“Banking is no longer somewhere you go, it’s something you do.”
― Brett King, Futurist and author of Bank 4.0 and Breaking Banks
In the last decade, the banking and financial services industry is seeing massive shifts with consumer mindsets, new technologies and innovation. Digital banks are the new players in the financial services sector today and growing globally. Digital banks are also known as “Challenger Banks” or “Neo Banks”. They provide digitisation and delivery of banking services more efficiently with the latest state of the art technology infrastructure.
Digital banks, however, do not have a physical bank branch to operate. The services are part of an integrated end-to-end digital platform. They provide branchless and seamless end-to-end processing of banking operations which are initiated by customers from mobile phones via a mobile banking app. Customers save a conducive amount of travelling time and are able to manage their finances at their convenience. The current conventional banks offer online banking services which are the digitising of existing programs and services undertaken by financial institutions to the internet and mobile channels.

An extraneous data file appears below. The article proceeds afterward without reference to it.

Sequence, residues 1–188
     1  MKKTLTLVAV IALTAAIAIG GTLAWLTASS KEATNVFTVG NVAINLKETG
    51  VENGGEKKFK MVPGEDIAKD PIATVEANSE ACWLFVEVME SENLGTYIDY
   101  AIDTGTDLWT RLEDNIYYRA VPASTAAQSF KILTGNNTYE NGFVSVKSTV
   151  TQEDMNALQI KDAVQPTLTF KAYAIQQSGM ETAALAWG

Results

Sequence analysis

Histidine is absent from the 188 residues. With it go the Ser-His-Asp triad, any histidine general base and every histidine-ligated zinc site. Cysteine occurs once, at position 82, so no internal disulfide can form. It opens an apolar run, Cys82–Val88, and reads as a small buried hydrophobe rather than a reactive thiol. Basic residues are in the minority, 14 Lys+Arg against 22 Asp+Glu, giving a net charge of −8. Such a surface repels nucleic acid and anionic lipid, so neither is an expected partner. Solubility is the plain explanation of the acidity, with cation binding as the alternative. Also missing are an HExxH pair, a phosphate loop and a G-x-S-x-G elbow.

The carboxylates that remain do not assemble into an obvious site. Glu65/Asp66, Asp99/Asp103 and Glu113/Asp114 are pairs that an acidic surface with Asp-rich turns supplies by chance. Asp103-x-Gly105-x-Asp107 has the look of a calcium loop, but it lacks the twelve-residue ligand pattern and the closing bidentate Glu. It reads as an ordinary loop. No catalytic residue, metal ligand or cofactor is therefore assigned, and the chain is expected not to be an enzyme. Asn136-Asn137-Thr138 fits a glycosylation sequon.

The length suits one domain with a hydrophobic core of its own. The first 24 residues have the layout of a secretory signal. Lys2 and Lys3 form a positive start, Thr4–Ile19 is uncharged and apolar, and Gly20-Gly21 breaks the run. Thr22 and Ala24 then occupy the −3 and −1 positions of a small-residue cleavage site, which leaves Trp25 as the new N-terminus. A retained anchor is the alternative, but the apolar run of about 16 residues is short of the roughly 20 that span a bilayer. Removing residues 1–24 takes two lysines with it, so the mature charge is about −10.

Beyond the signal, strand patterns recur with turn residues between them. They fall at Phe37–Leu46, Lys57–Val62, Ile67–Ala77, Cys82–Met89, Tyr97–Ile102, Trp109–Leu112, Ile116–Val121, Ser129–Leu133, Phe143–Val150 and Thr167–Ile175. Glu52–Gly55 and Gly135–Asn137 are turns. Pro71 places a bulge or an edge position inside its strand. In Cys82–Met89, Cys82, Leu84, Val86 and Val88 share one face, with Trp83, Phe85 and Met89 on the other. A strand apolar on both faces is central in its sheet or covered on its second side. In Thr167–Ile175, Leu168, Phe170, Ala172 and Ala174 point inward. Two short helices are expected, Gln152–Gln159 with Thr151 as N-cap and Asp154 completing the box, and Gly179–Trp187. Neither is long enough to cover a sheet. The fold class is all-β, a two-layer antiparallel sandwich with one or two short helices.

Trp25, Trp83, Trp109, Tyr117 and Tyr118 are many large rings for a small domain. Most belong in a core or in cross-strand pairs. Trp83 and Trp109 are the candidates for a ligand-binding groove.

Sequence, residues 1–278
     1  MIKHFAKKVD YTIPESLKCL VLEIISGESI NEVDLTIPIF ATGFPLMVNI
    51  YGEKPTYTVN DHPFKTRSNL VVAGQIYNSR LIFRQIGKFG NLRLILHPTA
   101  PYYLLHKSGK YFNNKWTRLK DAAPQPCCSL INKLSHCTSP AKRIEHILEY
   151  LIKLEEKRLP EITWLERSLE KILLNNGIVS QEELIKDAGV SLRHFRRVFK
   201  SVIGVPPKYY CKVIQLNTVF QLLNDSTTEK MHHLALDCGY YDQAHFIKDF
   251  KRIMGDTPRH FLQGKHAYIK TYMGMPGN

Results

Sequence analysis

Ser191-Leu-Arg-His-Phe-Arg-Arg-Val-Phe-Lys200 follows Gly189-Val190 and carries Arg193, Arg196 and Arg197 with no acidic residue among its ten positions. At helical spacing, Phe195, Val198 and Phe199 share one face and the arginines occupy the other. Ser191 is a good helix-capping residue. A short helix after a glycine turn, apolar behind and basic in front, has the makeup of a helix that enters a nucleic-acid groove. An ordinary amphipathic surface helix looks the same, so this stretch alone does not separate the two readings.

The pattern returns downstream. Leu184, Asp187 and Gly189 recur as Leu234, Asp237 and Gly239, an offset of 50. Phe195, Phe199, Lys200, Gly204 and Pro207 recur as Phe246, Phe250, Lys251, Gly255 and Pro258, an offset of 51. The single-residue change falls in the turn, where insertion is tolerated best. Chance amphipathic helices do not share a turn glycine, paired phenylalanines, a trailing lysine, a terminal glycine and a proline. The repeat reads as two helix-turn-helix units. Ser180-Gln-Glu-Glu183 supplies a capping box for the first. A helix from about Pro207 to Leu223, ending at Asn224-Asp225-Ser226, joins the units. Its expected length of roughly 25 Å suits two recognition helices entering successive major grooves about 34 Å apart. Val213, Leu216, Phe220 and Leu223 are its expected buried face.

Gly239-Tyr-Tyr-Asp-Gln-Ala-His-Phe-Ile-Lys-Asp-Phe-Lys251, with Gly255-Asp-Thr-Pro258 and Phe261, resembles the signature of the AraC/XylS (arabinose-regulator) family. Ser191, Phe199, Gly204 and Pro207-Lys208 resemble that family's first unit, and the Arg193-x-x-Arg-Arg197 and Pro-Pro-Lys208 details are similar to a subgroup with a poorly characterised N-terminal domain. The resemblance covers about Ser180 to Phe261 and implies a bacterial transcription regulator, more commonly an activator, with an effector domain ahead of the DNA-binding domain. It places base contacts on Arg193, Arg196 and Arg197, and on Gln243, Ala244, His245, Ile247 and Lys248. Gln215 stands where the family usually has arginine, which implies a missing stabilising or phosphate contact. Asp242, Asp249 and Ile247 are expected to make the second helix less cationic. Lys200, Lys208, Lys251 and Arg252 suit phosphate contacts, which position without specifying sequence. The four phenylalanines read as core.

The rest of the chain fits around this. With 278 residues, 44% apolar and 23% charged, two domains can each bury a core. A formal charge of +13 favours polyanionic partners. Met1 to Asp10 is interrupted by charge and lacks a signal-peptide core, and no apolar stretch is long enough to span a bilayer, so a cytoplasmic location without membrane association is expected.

Digital banks do not have to rely on old legacy systems and processes to operate, unlike conventional banks. Digital banks operate using the latest technologies such as Artificial Intelligence (AI), Blockchain, Biometrics Security and Cloud. A key requirement for a digital bank is the implementation of e-KYC (Electronic Know Your Customer) feature, which is the process of onboarding and verifying a customer via the mobile banking app without physically being at the bank branch. Together with other security features such as biometrics and security PIN, customers are able to open accounts and perform online transfers. The processes, compliance requirements, policies and technology differ for digital banks as compared to conventional banks. In which case, it provides lower operating and resource costs.